Conference Coverage

Essential tips to diagnose and intervene early in hair loss



Ask patients about their hair during a general dermatology examination, recommend supplements backed by peer-reviewed studies when appropriate, and watch for a new trend – man bun traction alopecia.

These and other clinical pearls on hair loss come courtesy of Wendy E. Roberts, MD.

“Hair loss can be scary,” but if physicians diagnose the underlying cause and treat early, a number of existing and upcoming treatments can be effective, said Dr. Roberts, a dermatologist in private practice in Rancho Mirage, Calif. “Timing is very critical.”

Dr. Wendy Roberts

Dr. Wendy Roberts

A dermatology full body examination is a perfect opportunity to ask patients about their hair because “you’re checking them from head to toe,” Dr. Roberts said. She recommends asking: “How is your hair doing?” This advice prompted a bit of uproar from the ODAC audience, suggesting this may be too sensitive a subject for some to broach with patients. Dr. Roberts responded, “No, not at all. Your patients will be glad you asked.

“That simple question will open up doors of opportunity” for dermatologists, she said. The condition remains very common: About 80 million people in the United States are affected by its No. 1 cause, hereditary hair loss. An Internet search for “hair loss,” in fact, reveals an overwhelming amount of consumer interest in hair loss treatment and management, yielding approximately 35 million results.

Paying attention to hair loss is not just question of appearance or aesthetics; hair loss can also indicate declining health, Dr. Roberts said at the Orlando Dermatology Aesthetic and Clinical Conference.

Suggest supplements backed by science

Given the millions of online searches, it’s apparent that people continue to look for the latest solutions to treat or prevent further hair loss. But as with many “treatments” and “cures” touted online, caution is warranted – not every claim is backed by solid research, she said. “Go with supplements that do have peer review literature.”

For this reason, Dr. Roberts suggests considering the following three supplements for patients with hair loss:

Nutrafol – “What I like about this supplement is it has ashwagandha, an Indian herb that reduces stress,” she said.

Viviscal – This supplement has the marine extract AminoMar, which includes shark cartilage and oyster extract powder.

Vitalize Hair – Its active ingredient, Redensyl, contains two molecules, Dr. Roberts said, one to boost metabolism of the hair follicle and the other to increase hair volume over time.

Application of platelet rich plasma is another option showing promise for hair loss. It works by activating hair bulb cells. “It kind of whispers to the hair: ‘Be young again.’ Many times it comes in at the original hair color – tell your patients to be prepared to see their hair color from childhood.” Dr. Roberts said.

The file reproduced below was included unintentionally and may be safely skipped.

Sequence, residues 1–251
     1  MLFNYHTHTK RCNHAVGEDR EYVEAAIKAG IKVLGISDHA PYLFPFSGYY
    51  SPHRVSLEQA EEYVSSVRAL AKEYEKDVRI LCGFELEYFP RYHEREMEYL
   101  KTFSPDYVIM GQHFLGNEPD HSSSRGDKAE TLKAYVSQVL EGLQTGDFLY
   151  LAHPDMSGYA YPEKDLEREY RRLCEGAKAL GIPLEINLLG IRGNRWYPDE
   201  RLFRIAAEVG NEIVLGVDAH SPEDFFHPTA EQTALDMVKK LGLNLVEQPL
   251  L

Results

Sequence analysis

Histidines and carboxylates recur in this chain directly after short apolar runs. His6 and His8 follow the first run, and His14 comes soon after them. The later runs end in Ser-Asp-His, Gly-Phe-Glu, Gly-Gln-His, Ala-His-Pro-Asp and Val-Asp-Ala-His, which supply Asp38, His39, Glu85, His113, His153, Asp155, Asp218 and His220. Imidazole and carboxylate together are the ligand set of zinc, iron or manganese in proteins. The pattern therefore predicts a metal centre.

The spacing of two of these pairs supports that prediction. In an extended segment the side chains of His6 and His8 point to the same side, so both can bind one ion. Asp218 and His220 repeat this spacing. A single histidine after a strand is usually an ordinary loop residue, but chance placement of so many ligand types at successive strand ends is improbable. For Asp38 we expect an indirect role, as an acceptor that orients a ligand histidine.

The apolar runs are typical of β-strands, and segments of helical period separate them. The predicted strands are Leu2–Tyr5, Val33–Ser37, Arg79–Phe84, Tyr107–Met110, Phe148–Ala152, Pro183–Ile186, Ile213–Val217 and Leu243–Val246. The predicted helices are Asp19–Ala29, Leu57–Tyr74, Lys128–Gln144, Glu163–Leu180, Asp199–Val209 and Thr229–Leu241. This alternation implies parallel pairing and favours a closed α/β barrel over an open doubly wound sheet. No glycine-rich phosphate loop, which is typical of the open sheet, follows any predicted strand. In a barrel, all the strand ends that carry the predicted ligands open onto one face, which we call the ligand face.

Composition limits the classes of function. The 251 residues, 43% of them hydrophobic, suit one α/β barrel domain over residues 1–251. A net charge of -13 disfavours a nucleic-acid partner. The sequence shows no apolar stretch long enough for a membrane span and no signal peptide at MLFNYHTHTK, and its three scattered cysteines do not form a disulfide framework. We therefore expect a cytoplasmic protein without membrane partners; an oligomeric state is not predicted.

Man bun alert

There is a new consideration in male hair loss based on changing hairstyles. “One thing that is trending: man bun traction alopecia. We see a lot of this in Southern California where I practice,” Dr. Roberts said. She showed meeting attendees the photo of a man with a tight hair bun whose hairline was starting to recede.

Man with a hair bun EzumeImages/Thinkstock

Basics to remember: differential diagnosis

When a patient presents with hair loss, things to consider in a differential diagnosis include chemical hair treatments, hairstyles that can cause traction alopecia, and behaviors such as compulsive hair pulling. Trichotillomania is on the increase. It affects approximately 2% of the population, but 90% of those are women, Dr. Roberts said. To diagnose, “look at the scalp and lower area near the nape of neck, especially in younger patients.”

She suggested that dermatologists show male patients the Norwood Scale illustrations of hair loss. The illustrations can help them understand when their hair loss is progressing over time, she added. For female patients with hair loss, the Ludwig Scale for hair loss in women can be very illustrative.

In the work-up of the patient, conduct a physical exam and consider overall health and nutritional status. Ask about family history as well, because relatives are the best window for insight into hair loss caused by genetics and aging, Dr. Roberts said.

Review patient medications. Older patients, in particular, often take multiple medications, which increases the likelihood for interactions or side effects leading to hair loss.

In addition, she had a few specific recommendations. “When you have male patient with hair loss taking Propecia [finasteride], talk to them about the dangers of exposure to a female partner and pregnancy in particular.” Also ask patients to bring in any supplements they are taking. Watch out for keratin supplements in patients with renal disease, she added, because elevated levels can be associated with kidney problems.

In terms of laboratory testing, consider checking for thyroid function, hormonal imbalance, and anemia. “The most overlooked is hemoglobin levels,” Dr. Roberts said, although anemia can cause hair loss in some patients.

Dr. Roberts is a speaker, consultant, investigator for and/or receives honoraria from Allergan, Colorescience, Galderma, Lytera, MDRejuvena, Restorsea, SkinMedica, Theraplex, Top MD Skincare, Valeant Pharmaceutical International, and Viviscal.

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